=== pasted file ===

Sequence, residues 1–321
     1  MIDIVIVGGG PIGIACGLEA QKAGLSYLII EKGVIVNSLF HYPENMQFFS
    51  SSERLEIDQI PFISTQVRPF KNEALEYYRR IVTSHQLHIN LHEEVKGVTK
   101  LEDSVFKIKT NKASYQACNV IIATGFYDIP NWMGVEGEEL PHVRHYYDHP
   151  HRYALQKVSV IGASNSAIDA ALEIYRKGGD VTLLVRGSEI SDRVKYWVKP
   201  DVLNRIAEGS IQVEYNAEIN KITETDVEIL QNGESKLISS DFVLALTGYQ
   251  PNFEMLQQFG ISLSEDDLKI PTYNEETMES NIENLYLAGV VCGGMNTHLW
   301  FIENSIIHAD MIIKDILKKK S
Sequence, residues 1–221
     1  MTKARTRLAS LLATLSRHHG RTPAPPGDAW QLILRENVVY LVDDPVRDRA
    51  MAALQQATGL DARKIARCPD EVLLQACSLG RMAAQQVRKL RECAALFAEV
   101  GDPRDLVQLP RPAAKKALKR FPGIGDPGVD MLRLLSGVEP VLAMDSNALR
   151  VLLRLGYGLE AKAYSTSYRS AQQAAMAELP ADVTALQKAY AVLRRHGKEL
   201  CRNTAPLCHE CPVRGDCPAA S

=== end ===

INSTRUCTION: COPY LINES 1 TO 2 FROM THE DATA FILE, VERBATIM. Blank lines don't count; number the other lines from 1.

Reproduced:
Sequence, residues 1–321
     1  MIDIVIVGGG PIGIACGLEA QKAGLSYLII EKGVIVNSLF HYPENMQFFS